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(Jun 30, 2015) This year’s Privacy Law Scholars Conference featured some of the leading thinking in the field, and the IAPP was proud to award $2,500 and a speaking role to the authors of the two papers voted as the best of the best. After a couple of years featuring co-written papers, this year we’ve awarded two single authors for work that, on the one hand, looks back at the history of the Social Security number and, on the other, offers a path toward a new and better form of consumer-protection regulation. Read More

The Privacy Advisor

Advocate-General Issues Opinion on Jurisdiction in Weltimmo

(Jun 25, 2015) Advocate-General Pedro Cruz Villalón has given his opinion in Weltimmo to the Court of Justice of the European Union (CJEU). In Weltimmo, the CJEU is being asked to consider what jurisdiction Hungary's Data Protection Supervisor has over a website in Slovakia that took advertisements for Hungarian real estate and then allegedly misused data. Villalón's focus on fixed human and technical resources in determining establishment may be significant, Denis Kelleher writes, noting, if the CJEU follows such an approach it "might encourage web-based firms to adopt an entirely web-based model and avoid establishing local branches or agencies at all, since they might then only have to interact with a single data protection supervisor." Read More

The Privacy Advisor

HUNGARY–DPA Requesting a Flyby

(Jun 25, 2015) Drones are becoming more widespread globally, and Hungary is no exception. Given the lack of specific law, the use of drones—theoretically—is possible only upon individual permit from the Hungarian Aviation Authority. As the preparation of the specific legislation is underway, the Hungarian Authority for Data Protection and Freedom of Information issued guidance for the legislature and users on the data privacy aspects of the nonmilitary use of drones. Read More

The Privacy Advisor

What’s Driving State CPOs? Action From Up Top

(Jun 23, 2015) It’s a well-known fact by now that organizations large and small, public and private, are increasingly hiring privacy officers to properly manage the data they collect and maintain. But privacy pros may soon find themselves applying for a job previously unheard of to most: chief privacy officer of an entire U.S. state. To date, only four states have created such a position: Ohio, West Virginia, South Carolina and, most recently, Washington. The CPOs of those states agree that given the amount of data governments store on citizens and the sensitivity of some of that data, it makes sense for state budgets to carve out funds for someone to shepherd how that data is collected, treated and stored. Read More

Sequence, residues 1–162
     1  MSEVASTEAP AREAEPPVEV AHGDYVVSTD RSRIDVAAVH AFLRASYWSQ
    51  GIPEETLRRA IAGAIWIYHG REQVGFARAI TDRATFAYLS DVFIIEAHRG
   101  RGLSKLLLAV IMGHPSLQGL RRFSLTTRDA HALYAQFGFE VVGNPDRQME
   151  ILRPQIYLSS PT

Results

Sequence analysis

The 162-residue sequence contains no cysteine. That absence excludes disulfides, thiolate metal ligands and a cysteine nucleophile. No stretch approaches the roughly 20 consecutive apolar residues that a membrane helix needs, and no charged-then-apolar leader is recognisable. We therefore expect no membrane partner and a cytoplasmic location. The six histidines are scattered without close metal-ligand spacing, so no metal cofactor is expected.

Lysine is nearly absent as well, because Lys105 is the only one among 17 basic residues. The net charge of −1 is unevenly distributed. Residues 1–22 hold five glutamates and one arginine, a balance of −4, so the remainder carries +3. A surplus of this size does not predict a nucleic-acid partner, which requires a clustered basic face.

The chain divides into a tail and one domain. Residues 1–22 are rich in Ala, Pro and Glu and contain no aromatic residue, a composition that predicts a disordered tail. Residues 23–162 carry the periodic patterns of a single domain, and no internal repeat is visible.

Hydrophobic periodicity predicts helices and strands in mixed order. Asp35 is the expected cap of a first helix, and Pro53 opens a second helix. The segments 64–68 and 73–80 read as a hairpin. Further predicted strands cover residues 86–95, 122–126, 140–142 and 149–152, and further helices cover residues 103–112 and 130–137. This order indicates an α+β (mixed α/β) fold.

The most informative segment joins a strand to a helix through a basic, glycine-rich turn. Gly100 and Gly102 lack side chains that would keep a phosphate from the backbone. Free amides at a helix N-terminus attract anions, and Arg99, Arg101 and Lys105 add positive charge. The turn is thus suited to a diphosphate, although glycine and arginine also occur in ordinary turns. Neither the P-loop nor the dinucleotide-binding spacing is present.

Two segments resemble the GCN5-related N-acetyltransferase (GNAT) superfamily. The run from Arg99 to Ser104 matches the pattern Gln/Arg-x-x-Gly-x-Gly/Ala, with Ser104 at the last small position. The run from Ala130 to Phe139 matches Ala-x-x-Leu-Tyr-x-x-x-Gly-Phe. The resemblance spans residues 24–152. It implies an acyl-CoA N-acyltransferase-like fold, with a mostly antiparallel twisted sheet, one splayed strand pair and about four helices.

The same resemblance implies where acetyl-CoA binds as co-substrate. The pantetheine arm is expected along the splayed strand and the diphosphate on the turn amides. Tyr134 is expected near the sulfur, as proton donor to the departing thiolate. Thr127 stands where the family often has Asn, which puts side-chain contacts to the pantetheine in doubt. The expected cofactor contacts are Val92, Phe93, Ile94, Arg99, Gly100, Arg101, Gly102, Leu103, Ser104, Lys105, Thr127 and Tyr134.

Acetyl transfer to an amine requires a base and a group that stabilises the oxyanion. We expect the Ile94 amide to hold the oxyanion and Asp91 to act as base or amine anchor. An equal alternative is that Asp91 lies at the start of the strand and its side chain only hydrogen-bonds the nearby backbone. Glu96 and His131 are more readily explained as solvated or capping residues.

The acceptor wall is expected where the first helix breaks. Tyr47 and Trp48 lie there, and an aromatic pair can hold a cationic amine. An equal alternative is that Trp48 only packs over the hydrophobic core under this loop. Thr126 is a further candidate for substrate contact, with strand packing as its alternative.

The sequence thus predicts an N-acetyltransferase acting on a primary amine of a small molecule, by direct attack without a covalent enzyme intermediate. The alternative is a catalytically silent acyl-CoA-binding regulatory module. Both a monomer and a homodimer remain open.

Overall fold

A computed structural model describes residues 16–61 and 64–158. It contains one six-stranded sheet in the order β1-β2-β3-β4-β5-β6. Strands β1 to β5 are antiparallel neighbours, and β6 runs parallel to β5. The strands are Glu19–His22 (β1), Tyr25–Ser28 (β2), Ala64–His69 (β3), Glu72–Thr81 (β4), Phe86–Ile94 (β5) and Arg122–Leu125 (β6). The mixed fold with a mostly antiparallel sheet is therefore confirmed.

The Privacy Advisor

Monitoring Your Privacy Program: Emerging Themes

(Jun 23, 2015) So far in this series on how to effectively monitor your privacy program, we have had three industry leaders—one from a consulting firm, one from healthcare and one from IT—give valuable insights on what organizations should focus on when developing a comprehensive program.Halfway through the series, Deidre Rodriguez, CIPP/US, summarizes suggestions made to date. Several major themes have surfaced, regardless of industry. Read More

The Privacy Advisor

She's Not a Cop, But She's Their CPO

(Jun 23, 2015) Sure no privacy pro is just like the other. Some came to the field through law degrees, some through compliance work, some because management looked up one day and realized someone had to be in charge of privacy and they were standing in plain-sight. But Liz Lyons is truly in a league of her own. She’s the privacy officer of the Washington Police Department, and she made the job up. Read More

The Privacy Advisor

Proposed Bitcoin Rules Could Make or Break User Privacy

(Jun 19, 2015) Virtual currencies (VCs) are gaining the attention of regulatory bodies worldwide because they're growing in acceptance by retailers and consumers both. The Internal Revenue Service, which subjects VC transactions to income tax liability for gains in value, just like property, is one of those regulatory bodies. But it's at the state, national and supra-national levels where authorities are starting to set out rules. One of those emerging rules, and the responses its generated by VC companies and industry forums, will impact the privacy and data protection of VC users, writes Thomas Shaw, CIPP/E, CIPP/US. Read More

The Privacy Advisor

Mississippi AG: Best To Notify Us Quickly of A Breach

(Jun 18, 2015) Mississippi Attorney General (AG) Jim Hood is the president of the National Association of Attorneys General (NAAG), the professional association for the AGs of all 50 states, DC and the U.S. territories. Hood has selected cybersecurity and digital privacy, as well as counterfeiting and IP theft, as topics of policy focus for NAAG. Hood says while many businesses seem to think they shouldn't contact the AG's office in the case of a data breach, doing so could actually help lessen the blow should an enforcement action become inevitable. Read More

The Privacy Advisor

Poems on Privacy, by John Kropf

(Jun 18, 2015) While much of the time, The Privacy Advisor focuses on the practical, operational or high-level policy aspects of privacy, sometimes it's nice to look at this profession of ours through a more artistic lens. In this first-of-its-kind feature, John Kropf, CIPP/G, CIPP/US, shares three poems he's written on privacy and technology and the impacts they have on our lives. Have you dabbled with a similar endeavor? We'd love to hear from you. Read More

The Privacy Advisor